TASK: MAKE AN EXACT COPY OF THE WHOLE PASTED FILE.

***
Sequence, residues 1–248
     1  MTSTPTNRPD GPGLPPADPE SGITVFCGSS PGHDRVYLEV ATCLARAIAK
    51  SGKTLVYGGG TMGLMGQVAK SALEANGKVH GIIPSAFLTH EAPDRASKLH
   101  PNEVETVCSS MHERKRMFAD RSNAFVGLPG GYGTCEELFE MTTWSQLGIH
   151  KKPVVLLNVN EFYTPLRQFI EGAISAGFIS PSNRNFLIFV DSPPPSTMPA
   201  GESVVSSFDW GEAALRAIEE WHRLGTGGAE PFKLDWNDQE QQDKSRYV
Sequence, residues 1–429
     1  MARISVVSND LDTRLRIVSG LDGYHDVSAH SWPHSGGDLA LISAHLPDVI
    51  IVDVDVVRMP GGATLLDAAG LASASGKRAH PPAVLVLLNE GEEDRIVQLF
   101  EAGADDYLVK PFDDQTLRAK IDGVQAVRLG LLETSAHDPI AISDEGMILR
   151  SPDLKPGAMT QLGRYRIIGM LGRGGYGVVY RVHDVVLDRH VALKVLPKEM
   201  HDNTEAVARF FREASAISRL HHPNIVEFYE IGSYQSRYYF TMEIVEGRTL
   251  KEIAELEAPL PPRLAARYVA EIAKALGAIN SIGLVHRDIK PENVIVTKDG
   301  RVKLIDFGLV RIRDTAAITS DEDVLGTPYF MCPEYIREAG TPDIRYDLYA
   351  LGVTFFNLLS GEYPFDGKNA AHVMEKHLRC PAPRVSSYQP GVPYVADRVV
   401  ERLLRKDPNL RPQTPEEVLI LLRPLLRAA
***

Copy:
Sequence, residues 1–248
     1  MTSTPTNRPD GPGLPPADPE SGITVFCGSS PGHDRVYLEV ATCLARAIAK
    51  SGKTLVYGGG TMGLMGQVAK SALEANGKVH GIIPSAFLTH EAPDRASKLH
   101  PNEVETVCSS MHERKRMFAD RSNAFVGLPG GYGTCEELFE MTTWSQLGIH
   151  KKPVVLLNVN EFYTPLRQFI EGAISAGFIS PSNRNFLIFV DSPPPSTMPA
   201  GESVVSSFDW GEAALRAIEE WHRLGTGGAE PFKLDWNDQE QQDKSRYV
Sequence, residues 1–429
     1  MARISVVSND LDTRLRIVSG LDGYHDVSAH SWPHSGGDLA LISAHLPDVI
    51  IVDVDVVRMP GGATLLDAAG LASASGKRAH PPAVLVLLNE GEEDRIVQLF
   101  EAGADDYLVK PFDDQTLRAK IDGVQAVRLG LLETSAHDPI AISDEGMILR
   151  SPDLKPGAMT QLGRYRIIGM LGRGGYGVVY RVHDVVLDRH VALKVLPKEM
   201  HDNTEAVARF FREASAISRL HHPNIVEFYE IGSYQSRYYF TMEIVEGRTL
   251  KEIAELEAPL PPRLAARYVA EIAKALGAIN SIGLVHRDIK PENVIVTKDG
   301  RVKLIDFGLV RIRDTAAITS DEDVLGTPYF MCPEYIREAG TPDIRYDLYA
   351  LGVTFFNLLS GEYPFDGKNA AHVMEKHLRC PAPRVSSYQP GVPYVADRVV
   401  ERLLRKDPNL RPQTPEEVLI LLRPLLRAA